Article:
Home sharing behemoth Airbnb plans to further branch out of vacation rentals and will begin designing homes as part of a new initiative dubbed “Backyard.”

The company announced Backyard Thursday, describing it as “an endeavor to design and prototype new ways of building and sharing homes,” according to Fast Company, which first reported the news. Airbnb reportedly plans to distribute its first prototype buildings in 2019.

The company did not immediately respond to Inman’s request for comment Thursday.

The new building design program comes from a division at Airbnb known as Samara, which was created to develop new projects for the company. It could end up producing pre-fabricated buildings, experimenting with green materials, and even dip into multiunit complexes, according to Fast Company.

The project could also reportedly produce small homes that fit in backyards, known as accessory dwelling units, mother-in-law apartments, or granny flats. Such units have become a popular housing solution in cities such as Los Angeles and Denver, where costs have exploded but many neighborhoods remain dominated by single family homes. The units are widely seen as a way to increase a home’s value and generate some rental income.

Airbnb’s program has broader objectives as well and the company’s units may have shareable and adaptable aspects, Fast Company reported, though specific details on the designs have not been released.

Joe Gebbia

“Backyard investigates how buildings could utilize sophisticated manufacturing techniques, smart-home technologies, and gains vast insight from the Airbnb community to thoughtfully respond to changing owner or occupant needs over time,” Joe Gebbia, Airbnb’s cofounder and chief product officer, told Fast Company. “Backyard isn’t a house, it’s an initiative to rethink the home. Homes are complex, and we’re taking a broad approach — not just designing one thing, but a system that can do many things.”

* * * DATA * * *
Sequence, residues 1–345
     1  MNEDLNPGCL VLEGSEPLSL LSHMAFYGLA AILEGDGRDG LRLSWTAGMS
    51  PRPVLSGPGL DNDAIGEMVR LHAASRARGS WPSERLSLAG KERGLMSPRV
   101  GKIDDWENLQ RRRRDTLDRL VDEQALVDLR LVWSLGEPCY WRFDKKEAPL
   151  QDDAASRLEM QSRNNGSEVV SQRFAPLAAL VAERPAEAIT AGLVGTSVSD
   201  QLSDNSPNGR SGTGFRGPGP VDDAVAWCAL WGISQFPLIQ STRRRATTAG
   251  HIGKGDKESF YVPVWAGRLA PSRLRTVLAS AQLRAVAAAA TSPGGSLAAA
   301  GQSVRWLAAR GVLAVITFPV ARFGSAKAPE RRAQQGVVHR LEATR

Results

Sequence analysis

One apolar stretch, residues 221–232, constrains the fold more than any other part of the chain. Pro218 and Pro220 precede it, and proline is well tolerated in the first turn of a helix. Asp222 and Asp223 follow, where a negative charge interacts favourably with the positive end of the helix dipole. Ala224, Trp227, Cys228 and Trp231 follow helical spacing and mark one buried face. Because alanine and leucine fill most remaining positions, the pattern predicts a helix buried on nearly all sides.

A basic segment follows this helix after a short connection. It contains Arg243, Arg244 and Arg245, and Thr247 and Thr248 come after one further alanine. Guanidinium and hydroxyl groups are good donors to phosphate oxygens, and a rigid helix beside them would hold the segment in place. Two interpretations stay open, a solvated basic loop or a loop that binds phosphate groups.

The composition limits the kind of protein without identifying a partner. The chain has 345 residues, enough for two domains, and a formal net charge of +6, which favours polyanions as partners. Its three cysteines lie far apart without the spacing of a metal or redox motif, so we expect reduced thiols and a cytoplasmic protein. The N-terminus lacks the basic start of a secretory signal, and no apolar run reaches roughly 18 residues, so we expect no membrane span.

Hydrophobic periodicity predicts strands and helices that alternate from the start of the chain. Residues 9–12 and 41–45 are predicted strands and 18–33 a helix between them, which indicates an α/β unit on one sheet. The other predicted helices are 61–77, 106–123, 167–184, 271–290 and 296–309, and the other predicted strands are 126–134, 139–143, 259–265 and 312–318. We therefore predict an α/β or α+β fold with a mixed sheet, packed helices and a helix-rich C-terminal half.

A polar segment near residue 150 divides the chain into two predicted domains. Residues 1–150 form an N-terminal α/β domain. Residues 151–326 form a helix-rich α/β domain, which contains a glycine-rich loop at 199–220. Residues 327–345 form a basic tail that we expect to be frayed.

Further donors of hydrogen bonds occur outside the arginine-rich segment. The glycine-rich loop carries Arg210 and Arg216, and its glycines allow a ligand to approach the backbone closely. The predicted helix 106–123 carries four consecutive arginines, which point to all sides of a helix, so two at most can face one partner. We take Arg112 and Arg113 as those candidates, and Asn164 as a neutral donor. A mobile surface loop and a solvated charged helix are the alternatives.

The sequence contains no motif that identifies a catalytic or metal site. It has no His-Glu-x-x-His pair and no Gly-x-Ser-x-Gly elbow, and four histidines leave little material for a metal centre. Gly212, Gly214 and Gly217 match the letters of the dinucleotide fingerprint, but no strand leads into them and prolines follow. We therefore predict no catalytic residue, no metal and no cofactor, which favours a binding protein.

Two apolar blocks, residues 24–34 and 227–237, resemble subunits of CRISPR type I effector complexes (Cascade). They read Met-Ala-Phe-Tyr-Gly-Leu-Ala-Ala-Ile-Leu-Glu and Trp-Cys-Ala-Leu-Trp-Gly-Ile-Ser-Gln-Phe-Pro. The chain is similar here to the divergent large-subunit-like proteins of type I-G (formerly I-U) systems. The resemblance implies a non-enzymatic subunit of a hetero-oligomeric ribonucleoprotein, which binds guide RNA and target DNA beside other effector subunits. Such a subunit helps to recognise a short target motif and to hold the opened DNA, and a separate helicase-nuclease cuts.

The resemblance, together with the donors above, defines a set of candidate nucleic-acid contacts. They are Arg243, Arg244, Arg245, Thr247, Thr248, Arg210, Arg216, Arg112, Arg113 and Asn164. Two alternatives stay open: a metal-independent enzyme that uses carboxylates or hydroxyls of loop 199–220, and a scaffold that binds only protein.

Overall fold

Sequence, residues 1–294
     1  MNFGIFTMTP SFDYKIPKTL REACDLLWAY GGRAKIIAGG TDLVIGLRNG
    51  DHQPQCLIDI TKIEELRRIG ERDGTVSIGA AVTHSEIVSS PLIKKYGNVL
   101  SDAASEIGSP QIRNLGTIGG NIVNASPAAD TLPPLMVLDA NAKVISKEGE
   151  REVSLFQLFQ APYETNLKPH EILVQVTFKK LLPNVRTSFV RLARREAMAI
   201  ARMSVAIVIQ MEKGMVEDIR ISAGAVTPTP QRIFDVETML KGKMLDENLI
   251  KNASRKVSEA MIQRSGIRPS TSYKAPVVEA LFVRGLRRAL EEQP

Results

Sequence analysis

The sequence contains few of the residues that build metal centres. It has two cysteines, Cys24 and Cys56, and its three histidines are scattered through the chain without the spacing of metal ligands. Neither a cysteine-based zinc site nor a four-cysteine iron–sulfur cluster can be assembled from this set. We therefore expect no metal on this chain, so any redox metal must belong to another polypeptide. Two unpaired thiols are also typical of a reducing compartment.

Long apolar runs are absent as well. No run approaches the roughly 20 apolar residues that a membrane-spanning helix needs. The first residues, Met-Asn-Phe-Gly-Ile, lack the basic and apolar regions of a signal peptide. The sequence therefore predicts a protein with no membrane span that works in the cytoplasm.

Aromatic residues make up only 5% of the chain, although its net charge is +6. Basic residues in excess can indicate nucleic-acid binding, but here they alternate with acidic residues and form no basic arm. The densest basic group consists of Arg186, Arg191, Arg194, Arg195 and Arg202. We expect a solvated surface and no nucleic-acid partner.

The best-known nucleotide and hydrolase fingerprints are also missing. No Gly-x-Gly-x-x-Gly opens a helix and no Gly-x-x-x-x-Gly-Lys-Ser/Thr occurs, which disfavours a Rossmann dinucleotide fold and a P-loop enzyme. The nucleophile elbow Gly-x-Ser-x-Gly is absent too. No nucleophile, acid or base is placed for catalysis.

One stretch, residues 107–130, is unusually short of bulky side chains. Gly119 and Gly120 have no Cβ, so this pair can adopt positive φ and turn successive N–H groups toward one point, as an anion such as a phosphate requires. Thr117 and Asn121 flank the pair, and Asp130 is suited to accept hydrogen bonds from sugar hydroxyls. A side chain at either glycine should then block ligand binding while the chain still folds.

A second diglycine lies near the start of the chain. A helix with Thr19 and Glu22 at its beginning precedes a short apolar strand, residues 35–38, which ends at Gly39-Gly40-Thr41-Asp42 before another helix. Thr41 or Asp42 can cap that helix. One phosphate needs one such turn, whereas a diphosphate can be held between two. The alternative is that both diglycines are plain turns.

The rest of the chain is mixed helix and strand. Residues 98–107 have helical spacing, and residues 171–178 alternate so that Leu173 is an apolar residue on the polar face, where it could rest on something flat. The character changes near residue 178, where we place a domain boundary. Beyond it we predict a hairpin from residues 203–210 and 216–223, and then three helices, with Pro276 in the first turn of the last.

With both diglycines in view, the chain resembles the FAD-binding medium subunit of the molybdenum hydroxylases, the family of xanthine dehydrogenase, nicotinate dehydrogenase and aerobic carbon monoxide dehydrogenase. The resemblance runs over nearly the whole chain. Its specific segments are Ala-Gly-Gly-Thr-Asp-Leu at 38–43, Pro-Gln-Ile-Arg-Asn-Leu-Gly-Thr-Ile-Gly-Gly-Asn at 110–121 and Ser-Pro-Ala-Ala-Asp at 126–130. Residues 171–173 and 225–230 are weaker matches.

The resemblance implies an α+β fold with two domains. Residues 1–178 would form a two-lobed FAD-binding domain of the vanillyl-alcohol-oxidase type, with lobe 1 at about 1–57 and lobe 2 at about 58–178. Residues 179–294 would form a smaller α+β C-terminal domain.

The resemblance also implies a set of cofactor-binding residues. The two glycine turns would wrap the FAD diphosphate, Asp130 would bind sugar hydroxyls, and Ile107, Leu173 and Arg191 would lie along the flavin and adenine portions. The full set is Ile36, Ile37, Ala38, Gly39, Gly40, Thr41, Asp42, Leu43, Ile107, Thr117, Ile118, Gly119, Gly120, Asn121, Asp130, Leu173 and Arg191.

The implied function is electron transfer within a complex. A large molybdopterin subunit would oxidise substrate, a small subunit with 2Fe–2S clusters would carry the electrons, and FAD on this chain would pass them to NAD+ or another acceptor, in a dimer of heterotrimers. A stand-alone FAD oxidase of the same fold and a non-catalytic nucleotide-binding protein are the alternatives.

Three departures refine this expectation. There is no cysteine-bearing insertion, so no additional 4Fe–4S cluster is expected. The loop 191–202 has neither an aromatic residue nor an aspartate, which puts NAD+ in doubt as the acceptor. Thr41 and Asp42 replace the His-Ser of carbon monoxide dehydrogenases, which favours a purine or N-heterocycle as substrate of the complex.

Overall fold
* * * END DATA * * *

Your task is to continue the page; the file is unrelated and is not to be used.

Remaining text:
The first building designed under Airbnb’s Samara division was unveiled in 2016 and could offer hints at what may come from Backyard. Known as the Yoshino Cedar House, the project was created in collaboration with Tokyo architect Go Hasegawa and is billed as a “hybrid community space and homestay, designed to be a shared experience for guests and local residents alike.”

If Backyard succeeds, it won’t be the first time Airbnb disrupts the housing market; the company has expanded so quickly that it has prompted frustration from some locals and a wave of interest in regulation. Among other things, Airbnb is also partnering with a Florida-based development company to open apartments for tenants who want to sublet their units as short-term rentals.

Airbnb has not said how much its new units from Backyard might cost, but Gebbia indicated he wanted the project to become impactful in the same way its parent company has.

“We’re optimizing for Backyard’s potential,” he told Fast Company. “We’re interested in thoughtfully exploring the opportunity and doing something transformative, similar to how Airbnb did when it started.”

Email Jim Dalrymple II

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